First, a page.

• Recruiting. Hiring is mission critical in any growth venture. Investors usually have large networks. So let them know what position you need to fill, what the qualifications are and what the compensation is. They may give you feedback on all three items, but remember, the final decision is yours and you don’t want to get investors involved in operational issues. And if you can help your investor fill a position in another of their portfolio companies that will win you a lot of points.
  • Interviewing. Many investors have run companies themselves and probably have interviewed dozens or even hundreds of candidates, as I have. As a new founder you may have little or no experience in this area. So for senior level positions,
    C-suite positions, like CTO or VP of Sales, ask your investor if they would be willing to interview finalists. Don’t send them anyone at a lower level than finalists, as it’s not a good use of their time. And don’t give them a veto vote. Their vote should be heavily weighed, but not decisive.
  • Introductions and connections. As I’ve written elsewhere two things CEOs and founders need to do while they run their companies are: one) learn and two) build their personal networks. Investors have large networks. If you need an introduction to a potential channel partner, for example, it’s perfectly acceptable to ask your investor if they know someone there. Of you might want an intro to the CTO of one of their portfolio companies to discuss a particular technical challenge you are facing. Just remember to keep these requests for intros and connections at a high level and do not ask to frequently. People guard their personal networks closely. As one investor said to me when I asked for an intro, “Sorry I can’t help you, I only have so many arrows in my quiver and I can’t use one for you right now.”
  • Strategic guidance and feedback. Investors have seen dozens or hundreds of companies and tend to be very familiar with different business models, ways to acquire customers, and other elements of building a successful business. So take advantage of their knowledge and experience. But again, do so sparingly. I suggest leave strategic discussions to your face to face meetings.
  • Competitive intelligence. Investors see lots of deals and hear about many more. They actively track founders and new startups. The better they know your company the more successful they can be to giving your early warning of potential competitors. Or even a heads-up on potential partners.
  • Deal syndications. Investors are financial managers and a key to their success is managing risks. One way they do this is to syndicate their deals, meaning they bring in another investor to participate in an investment round. This can cut two ways, it can help you by bringing more experience and contacts for you to take advantage of, but it can also mean you have more investors to communicate with and to manage. Understand that you should be able to decline the participation of an investor you are not comfortable with. But if you are comfortable, help your investor manage their risk by syndicating. That new investor could well end up taking the lead in future rounds, so treat them well.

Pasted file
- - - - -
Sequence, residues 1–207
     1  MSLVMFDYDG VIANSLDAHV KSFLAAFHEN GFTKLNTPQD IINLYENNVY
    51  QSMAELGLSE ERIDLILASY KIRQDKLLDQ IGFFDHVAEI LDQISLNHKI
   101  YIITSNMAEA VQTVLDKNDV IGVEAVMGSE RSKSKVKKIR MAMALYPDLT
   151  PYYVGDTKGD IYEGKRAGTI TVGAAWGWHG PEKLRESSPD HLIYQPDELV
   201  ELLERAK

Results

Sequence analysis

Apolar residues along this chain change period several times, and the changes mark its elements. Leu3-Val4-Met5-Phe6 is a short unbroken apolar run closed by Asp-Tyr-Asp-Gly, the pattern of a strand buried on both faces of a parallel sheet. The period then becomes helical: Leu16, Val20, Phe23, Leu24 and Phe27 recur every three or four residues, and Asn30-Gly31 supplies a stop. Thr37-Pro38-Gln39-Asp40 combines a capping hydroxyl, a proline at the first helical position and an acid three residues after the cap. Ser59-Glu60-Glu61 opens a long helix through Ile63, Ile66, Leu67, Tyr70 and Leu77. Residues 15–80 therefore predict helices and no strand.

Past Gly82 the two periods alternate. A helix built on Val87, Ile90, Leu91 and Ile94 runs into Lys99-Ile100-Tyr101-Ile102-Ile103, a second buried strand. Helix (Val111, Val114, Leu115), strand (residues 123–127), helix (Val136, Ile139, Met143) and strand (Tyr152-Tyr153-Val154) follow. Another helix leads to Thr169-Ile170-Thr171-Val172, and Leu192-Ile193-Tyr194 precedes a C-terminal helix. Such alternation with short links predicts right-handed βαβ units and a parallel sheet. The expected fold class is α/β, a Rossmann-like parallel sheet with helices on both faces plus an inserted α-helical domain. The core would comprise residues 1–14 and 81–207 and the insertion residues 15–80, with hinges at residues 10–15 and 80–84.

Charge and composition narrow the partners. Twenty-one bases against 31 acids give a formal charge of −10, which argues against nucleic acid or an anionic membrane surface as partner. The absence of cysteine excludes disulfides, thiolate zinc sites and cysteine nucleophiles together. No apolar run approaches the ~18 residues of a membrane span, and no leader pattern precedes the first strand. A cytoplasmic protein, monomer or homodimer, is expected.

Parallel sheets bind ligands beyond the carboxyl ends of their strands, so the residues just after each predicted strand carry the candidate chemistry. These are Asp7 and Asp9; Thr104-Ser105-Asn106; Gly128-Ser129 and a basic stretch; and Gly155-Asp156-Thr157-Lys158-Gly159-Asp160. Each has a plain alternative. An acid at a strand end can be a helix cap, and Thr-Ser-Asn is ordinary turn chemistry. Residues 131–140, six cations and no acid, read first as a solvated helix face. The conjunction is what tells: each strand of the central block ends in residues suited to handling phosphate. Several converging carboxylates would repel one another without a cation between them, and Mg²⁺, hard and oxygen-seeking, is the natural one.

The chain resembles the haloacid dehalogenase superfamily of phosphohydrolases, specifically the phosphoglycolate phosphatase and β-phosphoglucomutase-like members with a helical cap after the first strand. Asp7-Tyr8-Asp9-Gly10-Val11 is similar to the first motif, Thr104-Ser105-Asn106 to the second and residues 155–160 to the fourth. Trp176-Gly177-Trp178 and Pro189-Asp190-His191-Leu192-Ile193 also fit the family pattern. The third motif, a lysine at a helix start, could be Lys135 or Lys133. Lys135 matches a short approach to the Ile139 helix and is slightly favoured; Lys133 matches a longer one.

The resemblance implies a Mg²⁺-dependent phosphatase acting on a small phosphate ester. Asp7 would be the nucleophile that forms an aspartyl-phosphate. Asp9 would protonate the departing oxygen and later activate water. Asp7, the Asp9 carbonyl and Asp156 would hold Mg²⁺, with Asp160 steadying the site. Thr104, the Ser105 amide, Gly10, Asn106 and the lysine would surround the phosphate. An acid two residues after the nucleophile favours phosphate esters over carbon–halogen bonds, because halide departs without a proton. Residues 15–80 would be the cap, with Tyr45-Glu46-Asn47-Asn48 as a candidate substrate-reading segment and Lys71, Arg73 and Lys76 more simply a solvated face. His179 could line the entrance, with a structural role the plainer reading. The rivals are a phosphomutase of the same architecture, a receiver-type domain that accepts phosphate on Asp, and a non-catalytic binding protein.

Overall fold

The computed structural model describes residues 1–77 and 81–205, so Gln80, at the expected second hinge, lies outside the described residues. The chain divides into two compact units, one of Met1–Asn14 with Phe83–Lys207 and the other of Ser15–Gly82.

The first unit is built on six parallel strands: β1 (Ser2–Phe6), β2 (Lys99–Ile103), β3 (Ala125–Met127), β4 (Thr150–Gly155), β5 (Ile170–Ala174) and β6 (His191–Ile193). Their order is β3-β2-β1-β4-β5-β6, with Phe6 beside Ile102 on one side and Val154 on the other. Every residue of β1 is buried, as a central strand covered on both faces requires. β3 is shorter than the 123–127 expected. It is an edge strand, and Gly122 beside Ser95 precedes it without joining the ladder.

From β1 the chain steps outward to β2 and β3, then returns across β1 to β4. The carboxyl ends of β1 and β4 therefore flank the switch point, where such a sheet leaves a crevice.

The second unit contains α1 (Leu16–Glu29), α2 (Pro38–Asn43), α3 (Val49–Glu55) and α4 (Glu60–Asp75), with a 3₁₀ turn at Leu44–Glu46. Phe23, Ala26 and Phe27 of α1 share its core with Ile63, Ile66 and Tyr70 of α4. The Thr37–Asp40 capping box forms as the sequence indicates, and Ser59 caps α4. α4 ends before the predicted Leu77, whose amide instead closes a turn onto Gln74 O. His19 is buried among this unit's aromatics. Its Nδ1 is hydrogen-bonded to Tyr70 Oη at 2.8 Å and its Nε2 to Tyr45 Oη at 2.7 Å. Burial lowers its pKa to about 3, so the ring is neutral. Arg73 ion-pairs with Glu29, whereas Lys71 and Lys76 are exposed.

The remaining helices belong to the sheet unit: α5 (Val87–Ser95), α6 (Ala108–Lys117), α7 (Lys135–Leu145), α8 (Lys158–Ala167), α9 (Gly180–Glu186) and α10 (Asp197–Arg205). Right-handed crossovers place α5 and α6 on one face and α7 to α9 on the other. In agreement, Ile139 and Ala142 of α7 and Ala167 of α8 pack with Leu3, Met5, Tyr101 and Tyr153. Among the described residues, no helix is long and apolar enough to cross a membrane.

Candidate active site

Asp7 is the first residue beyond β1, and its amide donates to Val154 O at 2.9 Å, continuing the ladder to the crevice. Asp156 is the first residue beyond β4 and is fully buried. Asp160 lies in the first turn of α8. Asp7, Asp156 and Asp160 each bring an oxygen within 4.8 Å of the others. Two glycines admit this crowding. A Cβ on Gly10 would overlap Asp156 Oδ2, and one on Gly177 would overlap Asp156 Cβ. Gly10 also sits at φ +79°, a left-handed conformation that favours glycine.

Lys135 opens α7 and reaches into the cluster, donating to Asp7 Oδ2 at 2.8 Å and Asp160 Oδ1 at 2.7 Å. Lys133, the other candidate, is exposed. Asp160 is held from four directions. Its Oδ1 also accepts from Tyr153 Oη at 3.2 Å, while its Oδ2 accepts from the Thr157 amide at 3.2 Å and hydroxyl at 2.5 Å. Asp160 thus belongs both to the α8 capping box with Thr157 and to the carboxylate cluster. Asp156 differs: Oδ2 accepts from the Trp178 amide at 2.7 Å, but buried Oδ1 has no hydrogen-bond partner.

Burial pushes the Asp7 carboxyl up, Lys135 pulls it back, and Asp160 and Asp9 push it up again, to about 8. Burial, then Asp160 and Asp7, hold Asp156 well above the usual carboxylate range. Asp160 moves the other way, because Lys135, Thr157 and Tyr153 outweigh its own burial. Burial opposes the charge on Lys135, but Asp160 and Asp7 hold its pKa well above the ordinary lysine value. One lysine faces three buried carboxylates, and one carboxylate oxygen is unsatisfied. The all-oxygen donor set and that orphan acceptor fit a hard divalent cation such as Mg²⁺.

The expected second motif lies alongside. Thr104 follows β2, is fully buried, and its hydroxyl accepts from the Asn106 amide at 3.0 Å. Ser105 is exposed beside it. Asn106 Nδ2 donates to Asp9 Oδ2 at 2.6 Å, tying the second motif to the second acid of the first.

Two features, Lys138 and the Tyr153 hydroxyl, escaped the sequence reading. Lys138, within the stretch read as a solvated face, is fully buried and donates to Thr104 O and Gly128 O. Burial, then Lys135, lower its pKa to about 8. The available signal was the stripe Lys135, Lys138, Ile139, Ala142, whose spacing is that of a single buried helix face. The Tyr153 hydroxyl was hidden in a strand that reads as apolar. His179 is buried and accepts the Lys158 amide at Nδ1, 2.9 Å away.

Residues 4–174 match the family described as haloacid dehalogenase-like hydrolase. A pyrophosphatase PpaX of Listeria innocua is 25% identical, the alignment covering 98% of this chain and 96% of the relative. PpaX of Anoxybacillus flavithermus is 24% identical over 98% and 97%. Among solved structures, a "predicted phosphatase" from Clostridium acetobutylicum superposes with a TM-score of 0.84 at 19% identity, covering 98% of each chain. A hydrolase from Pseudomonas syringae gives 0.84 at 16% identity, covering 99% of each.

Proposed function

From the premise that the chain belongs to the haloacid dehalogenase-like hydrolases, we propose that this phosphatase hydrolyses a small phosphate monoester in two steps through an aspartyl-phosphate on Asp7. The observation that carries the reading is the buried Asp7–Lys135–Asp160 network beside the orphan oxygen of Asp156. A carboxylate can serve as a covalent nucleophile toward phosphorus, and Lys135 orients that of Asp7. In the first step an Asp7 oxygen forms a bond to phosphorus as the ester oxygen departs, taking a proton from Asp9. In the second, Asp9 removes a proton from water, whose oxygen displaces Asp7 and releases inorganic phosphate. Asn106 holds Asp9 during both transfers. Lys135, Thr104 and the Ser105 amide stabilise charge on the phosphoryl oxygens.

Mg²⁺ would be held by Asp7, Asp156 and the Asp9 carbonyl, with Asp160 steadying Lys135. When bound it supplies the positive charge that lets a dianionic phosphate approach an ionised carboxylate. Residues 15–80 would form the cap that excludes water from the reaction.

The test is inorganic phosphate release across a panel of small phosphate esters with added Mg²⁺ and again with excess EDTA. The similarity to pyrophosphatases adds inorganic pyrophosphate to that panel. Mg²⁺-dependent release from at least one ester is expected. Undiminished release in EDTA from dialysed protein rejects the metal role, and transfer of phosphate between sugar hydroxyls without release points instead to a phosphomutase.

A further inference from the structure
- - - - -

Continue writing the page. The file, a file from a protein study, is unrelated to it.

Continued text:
And with that last phrase I’ve probably left the most important part of managing your investors to last, but certainly not least. As I’ve said elsewhere, no one likes to go first, be they investors or customers. So whomever takes that big risk and makes your first investment is a special partner and deserves to be treated well. But any and all investors are taking risks, betting on you, and they deserve honest communications and fair treatment. Once you take an investment your reputation as a founder and CEO will start to build more quickly.  Successfully managing your investors will be a big part of that reputation, so give it the time and effort it deserves. Managing investors is a high priority task of CEOs.

Here’s one final tip. A great way to make your investor happy other than building a great company is introducing them to a startup that they end up investing in. So know your investor’s investment strategy and keep your eyes and ears open for a startup seeking funding that meets their criteria. Investing is a competitive game; if you can give your investor an edge by a good intro they won’t forget it.

 

Author: Mentorphile

Mentor, coach, and advisor to entrepreneurs, small businesses, and non-profit organizations. General manager with significant experience in both for-profit and non-profit organizations. Focus on media and information. On founding team of four venture-backed companies. Currently Chairman of Popsleuth, Inc., maker of the Endorfyn app for keeping fans updated on new stuff from their favorite artists.